Citizen Science: Understanding Urban Heat

Hawkesbury City Council and the University of NSW are currently launching a Citizen Science project investigating the Urban Microclimate and Urban Heat and community members are invited and encouraged to take part.

The project aims to involve the community in scientific research and to increase scientific literacy and understanding of the scientific method, the Mayor of Hawkesbury, Councillor Barry Calvert said.

“This will be an exciting opportunity for local citizens to learn more about science by exploring our local area,” Councillor Calvert said.

“Participants will have the chance to assist in actual research into urban heat and microclimates.”

“I’m sure many people will be interested in this project,” he said.

“We’ve all been feeling the heat this summer, and it is predicted that the number of extreme hot days will increase significantly in all Australian Cities in future.

“This has the potential to impact public health, mortality rates, energy demand and the economy.”

Participants will conduct experiments and record weather measurements including air, radiant and surface temperatures, wind speed and location conditions (sun/ shade, light or dark material).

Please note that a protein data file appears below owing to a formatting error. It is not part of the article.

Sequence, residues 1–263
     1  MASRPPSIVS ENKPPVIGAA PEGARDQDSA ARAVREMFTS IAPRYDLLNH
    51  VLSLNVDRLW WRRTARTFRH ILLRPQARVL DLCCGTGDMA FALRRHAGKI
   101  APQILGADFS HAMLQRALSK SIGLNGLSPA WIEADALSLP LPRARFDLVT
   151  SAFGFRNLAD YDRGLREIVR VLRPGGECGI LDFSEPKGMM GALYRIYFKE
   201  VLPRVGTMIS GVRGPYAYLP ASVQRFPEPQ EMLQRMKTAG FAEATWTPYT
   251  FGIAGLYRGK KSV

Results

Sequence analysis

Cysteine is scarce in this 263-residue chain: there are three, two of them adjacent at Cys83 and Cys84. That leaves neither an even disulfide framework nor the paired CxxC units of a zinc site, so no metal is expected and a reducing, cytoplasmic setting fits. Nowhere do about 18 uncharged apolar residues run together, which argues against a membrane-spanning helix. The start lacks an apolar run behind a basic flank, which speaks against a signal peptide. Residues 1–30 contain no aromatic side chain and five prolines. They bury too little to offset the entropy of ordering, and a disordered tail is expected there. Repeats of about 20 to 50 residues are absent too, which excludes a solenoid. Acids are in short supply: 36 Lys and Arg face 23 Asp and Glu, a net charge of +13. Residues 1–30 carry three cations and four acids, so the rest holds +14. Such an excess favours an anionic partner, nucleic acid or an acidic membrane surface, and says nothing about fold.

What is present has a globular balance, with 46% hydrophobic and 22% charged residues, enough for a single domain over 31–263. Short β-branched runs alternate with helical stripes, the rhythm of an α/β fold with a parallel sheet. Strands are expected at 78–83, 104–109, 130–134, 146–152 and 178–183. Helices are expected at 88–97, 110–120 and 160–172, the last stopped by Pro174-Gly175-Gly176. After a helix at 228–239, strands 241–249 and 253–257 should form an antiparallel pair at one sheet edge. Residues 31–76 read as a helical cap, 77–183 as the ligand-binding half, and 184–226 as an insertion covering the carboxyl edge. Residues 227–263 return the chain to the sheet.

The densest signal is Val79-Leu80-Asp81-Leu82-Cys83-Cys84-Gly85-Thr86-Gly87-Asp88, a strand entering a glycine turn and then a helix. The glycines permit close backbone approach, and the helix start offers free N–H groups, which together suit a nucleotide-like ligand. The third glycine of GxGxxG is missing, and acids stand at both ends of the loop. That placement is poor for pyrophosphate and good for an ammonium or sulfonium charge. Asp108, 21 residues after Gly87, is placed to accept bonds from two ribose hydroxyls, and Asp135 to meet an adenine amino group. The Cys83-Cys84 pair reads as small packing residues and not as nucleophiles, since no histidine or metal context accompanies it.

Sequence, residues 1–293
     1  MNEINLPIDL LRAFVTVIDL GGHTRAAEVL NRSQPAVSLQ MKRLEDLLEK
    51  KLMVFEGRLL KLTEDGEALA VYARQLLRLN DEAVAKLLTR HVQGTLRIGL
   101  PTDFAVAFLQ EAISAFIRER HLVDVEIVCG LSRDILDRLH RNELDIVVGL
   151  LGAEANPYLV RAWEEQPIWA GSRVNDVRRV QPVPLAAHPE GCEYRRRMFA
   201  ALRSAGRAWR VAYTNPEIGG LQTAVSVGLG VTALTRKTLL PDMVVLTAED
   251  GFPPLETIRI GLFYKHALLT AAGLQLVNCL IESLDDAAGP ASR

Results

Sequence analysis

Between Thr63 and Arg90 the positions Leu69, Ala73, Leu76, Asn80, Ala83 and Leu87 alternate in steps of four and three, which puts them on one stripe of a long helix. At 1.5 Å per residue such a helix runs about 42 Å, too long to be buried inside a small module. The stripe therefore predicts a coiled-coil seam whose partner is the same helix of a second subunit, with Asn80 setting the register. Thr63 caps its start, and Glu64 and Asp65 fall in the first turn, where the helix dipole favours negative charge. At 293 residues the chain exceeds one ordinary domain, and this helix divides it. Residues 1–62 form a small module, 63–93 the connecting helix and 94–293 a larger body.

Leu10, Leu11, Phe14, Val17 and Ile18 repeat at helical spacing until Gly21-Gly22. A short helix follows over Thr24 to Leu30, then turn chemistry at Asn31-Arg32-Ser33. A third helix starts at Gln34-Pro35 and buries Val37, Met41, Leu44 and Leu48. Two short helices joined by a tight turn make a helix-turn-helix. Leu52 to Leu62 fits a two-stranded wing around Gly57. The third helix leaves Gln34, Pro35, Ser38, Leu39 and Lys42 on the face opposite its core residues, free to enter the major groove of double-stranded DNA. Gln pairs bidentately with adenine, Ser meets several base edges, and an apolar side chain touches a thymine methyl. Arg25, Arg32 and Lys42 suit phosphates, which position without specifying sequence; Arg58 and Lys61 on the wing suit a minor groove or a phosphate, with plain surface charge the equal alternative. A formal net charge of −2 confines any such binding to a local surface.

By participating in this project you will be joining 12,000 other citizen scientists from 22 Local Councils from across Australia to gather climate data. You will characterise the local climate which will provide information required for citizens to understand, mitigate and adapt to extreme heat.

Visit for a full project outline.

This project will involve three sessions held over three days: Friday, 15 March, Saturday, 16 March and Sunday, 17 March 2019. It will involve 33 citizens (only - limited spaces) per session recording weather measurements around Urban Heat and Urban Microclimate. The sessions will go for two to three hours and you can only participate in one session. The three locations are McLeod Park in South Windsor, Colonial Reserve in Bligh Park and Richmond Park in Richmond.


Minors must be accompanied by an adult. Anyone interested in learning more and participating in the project is encouraged to register via the links above.

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